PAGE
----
Scott
10-05-2013, 05:41 AM   #6
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You can get modifiers for a pop-up flash, but I'm not crazy about them, and most of the cheaper ones are close to worthless. One problem with a flash modifier on a pop-up flash is that pop-ups are typically a lot less powerful than a good shoe-mounted flash, so when you try to bounce or diffuse that light, it lessens it further.

Instead of spending $20 or $30 on a modifier for the pop-up, I think you'd be much better off spending it on a good used swivel/bounce flash and bouncing the light off the ceiling or wall. I have three Sunpak 422D flash units, which work great. Plus they have variable power which is a necessity, in my opinion. The 433D & 444D units are also great and safe for a DSLR. You should be able to get one for $20 or $30. I've even bought them for as little as $6. After you learn the ins & outs of using a good external flash, I'd wager you'll rarely use the pop-up flash anymore except for snapshots.

The difference between bounced light and on-camera direct light flash is huge. Bounced light is much more natural and less harsh. Just make sure whatever flash you get has a safe trigger voltage for your DSLR, or you could fry your camera.

Good luck & have fun!
Bob :-)

Last edited by GibbyTheMole; 10-05-2013 at 05:52 AM.
10-05-2013, 11:28 PM   #7
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Attached is an example photo, shot with K-7, the DA* 55mm and popup flash. (sorry the focus is wonky) I just popped a snap to upload.

The 1/15th of a second shutter + F/1.8-2.0 and the ambient background light make the photo more evenly lit when adding the quick flash pop.

Everyone says the explosion of light is just too bright. I had someone shoot me with my camera and the flash didn't bother me at all.
Maybe photographers natively know where to look without burning out our retinas?

Also, where I shoot is not a normal room, it's a big open room with at least a 15-20 feet high ceiling and the walls are darkened due to sound absorbent material thus reducing the bounce considerably.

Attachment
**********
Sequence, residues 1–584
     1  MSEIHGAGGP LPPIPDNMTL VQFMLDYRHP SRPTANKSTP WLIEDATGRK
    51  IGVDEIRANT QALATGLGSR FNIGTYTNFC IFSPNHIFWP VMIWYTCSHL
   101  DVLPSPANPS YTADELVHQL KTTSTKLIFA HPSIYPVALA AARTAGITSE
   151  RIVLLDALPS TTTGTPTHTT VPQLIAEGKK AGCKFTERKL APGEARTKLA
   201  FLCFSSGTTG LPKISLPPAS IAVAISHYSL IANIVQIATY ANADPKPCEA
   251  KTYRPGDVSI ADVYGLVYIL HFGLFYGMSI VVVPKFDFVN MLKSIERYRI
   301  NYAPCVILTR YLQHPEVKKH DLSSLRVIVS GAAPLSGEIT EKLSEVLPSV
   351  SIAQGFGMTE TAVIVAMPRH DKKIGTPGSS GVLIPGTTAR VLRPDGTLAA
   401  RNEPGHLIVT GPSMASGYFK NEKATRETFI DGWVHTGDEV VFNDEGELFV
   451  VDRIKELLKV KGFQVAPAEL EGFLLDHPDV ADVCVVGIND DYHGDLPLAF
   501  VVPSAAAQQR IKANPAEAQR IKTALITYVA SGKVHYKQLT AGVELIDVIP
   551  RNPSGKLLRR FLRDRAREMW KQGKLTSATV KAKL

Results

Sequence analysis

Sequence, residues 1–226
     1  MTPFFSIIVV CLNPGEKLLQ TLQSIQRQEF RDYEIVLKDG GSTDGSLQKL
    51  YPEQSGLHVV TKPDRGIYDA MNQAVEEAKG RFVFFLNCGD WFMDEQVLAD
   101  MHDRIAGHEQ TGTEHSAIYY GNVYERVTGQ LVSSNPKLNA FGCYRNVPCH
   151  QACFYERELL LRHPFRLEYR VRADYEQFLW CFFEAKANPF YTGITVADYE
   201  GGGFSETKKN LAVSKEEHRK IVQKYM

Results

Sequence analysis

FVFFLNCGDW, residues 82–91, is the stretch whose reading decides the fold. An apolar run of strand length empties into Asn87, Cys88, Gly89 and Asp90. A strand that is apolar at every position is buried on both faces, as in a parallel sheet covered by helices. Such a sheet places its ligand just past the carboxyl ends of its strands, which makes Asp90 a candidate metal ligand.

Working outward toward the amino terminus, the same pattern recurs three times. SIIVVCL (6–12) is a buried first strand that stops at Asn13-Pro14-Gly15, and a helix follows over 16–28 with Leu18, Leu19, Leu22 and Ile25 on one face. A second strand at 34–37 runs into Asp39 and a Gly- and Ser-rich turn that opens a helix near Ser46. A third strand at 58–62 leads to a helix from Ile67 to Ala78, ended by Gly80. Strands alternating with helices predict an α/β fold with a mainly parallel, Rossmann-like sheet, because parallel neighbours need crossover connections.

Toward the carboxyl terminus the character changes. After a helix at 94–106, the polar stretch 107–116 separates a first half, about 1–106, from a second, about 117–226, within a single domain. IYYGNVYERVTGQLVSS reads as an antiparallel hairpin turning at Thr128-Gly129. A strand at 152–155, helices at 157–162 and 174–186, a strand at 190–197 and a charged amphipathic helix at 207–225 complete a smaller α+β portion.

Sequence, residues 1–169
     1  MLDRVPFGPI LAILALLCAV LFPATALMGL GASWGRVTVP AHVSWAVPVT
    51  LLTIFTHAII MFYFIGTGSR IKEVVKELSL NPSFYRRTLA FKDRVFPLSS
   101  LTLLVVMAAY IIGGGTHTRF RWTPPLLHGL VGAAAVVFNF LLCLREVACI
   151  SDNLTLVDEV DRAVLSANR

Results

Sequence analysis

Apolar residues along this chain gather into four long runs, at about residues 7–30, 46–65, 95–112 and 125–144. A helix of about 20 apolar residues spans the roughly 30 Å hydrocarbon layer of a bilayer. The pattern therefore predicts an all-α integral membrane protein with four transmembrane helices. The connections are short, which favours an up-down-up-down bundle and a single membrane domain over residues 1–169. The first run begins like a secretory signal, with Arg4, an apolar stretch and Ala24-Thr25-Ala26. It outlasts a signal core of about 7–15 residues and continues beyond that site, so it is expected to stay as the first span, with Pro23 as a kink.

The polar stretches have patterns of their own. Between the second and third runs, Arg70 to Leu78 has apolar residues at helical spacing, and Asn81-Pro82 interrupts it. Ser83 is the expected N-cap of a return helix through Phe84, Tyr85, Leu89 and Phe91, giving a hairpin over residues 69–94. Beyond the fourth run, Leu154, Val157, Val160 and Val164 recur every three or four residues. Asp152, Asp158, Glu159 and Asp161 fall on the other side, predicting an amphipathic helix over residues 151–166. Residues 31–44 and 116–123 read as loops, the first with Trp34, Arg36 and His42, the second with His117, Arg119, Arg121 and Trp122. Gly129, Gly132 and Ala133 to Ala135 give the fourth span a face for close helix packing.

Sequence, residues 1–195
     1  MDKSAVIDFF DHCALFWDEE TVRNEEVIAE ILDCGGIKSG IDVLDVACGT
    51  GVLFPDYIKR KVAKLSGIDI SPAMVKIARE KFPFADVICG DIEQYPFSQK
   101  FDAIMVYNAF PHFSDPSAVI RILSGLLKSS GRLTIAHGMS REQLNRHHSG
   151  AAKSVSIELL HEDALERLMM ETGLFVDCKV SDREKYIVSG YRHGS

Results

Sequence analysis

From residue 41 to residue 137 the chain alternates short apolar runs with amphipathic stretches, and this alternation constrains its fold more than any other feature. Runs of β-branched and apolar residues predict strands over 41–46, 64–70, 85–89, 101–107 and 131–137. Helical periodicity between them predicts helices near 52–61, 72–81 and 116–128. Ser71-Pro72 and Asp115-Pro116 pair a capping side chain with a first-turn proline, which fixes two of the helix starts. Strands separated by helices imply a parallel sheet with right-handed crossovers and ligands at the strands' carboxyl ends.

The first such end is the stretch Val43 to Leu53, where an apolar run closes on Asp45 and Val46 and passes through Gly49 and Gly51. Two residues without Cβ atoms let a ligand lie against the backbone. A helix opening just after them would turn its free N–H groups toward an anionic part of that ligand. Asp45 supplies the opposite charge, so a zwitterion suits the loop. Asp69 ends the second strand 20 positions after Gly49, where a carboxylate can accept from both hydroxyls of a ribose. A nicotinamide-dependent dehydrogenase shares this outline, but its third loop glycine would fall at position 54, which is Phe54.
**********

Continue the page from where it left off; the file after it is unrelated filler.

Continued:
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10-07-2013, 11:57 AM   #8
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The Gary Fong Puffer works quite well, but it's a bit fiddly and you can easily lose it if you're not careful. Indoors no problem.

You can probably make a homemade diffuser box (or cylinder) from milkjug plastic and some staples.

10-08-2013, 12:01 PM   #9
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I agree that you should spend your $$$ on an external flash.

Also, I have covered my on camera flash with either tissue paper or thin fabric and it does help, but it is not an optimal solution. Be careful not to put too much pressure on the flash or it make crack.
10-09-2013, 06:36 PM   #10
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I've used a gary fong puffer and it works well. the knock-off's on ebay are super cheap.

I don't own a K-7, but I've noticed on my K-01 that if you're using an iso range, ie 100-1600, it will give horrible results. I think on my K-01, it likes to choose the high value. I always manually set it to 100 or work my way up.
You can try reducing the aperture to compesate for the harsh flash, but you'll lose the background in darkness.

I shoot regularly in a indoor karate studio with a black roofs and I use a regular flash (pointing up) with diffuser to spread it out. Manual settings with ISO 400 to compensate for the light fall off.
10-10-2013, 04:43 AM   #11
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I also have a Fong Puffer. You can find a lot of "with & without" comparison shots on the internet. The thing with most of them is the "without" shot is usually overexposed so the "with" shot looks better, and a side effect of any flash modifier is a loss of exposure. If you lower the exposure on the "without" shot though, they both look similar. There is a softening of shadows behind the subject when using the Puffer, but it's not usually a dramatic difference.

After trying the Puffer on a few shots, I don't really use it anymore. It just didn't do that much, in my experience. The reason is simple: You're still using a small, straight-on light source. There's just no substitute for the "big" light you get when shooting with a large umbrella, reflector, or bouncing it off something.

Also, if you get an external flash with adjustable power (like the ones I mentioned in my previous post) you can lessen the intensity of the flash so you don't blind your subjects.